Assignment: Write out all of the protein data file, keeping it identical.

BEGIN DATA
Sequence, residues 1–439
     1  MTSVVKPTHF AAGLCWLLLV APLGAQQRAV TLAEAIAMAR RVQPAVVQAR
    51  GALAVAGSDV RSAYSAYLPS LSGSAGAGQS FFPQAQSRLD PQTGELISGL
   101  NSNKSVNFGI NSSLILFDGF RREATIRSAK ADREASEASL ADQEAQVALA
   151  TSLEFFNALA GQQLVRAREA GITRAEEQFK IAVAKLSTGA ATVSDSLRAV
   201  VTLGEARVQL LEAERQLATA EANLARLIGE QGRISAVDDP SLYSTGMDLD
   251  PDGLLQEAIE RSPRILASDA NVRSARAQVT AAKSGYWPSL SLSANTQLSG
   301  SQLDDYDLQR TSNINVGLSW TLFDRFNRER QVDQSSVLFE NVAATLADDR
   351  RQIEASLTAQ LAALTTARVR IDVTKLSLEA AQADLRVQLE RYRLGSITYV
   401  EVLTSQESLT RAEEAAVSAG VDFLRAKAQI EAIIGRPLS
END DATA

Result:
Sequence, residues 1–439
     1  MTSVVKPTHF AAGLCWLLLV APLGAQQRAV TLAEAIAMAR RVQPAVVQAR
    51  GALAVAGSDV RSAYSAYLPS LSGSAGAGQS FFPQAQSRLD PQTGELISGL
   101  NSNKSVNFGI NSSLILFDGF RREATIRSAK ADREASEASL ADQEAQVALA
   151  TSLEFFNALA GQQLVRAREA GITRAEEQFK IAVAKLSTGA ATVSDSLRAV
   201  VTLGEARVQL LEAERQLATA EANLARLIGE QGRISAVDDP SLYSTGMDLD
   251  PDGLLQEAIE RSPRILASDA NVRSARAQVT AAKSGYWPSL SLSANTQLSG
   301  SQLDDYDLQR TSNINVGLSW TLFDRFNRER QVDQSSVLFE NVAATLADDR
   351  RQIEASLTAQ LAALTTARVR IDVTKLSLEA AQADLRVQLE RYRLGSITYV
   401  EVLTSQESLT RAEEAAVSAG VDFLRAKAQI EAIIGRPLS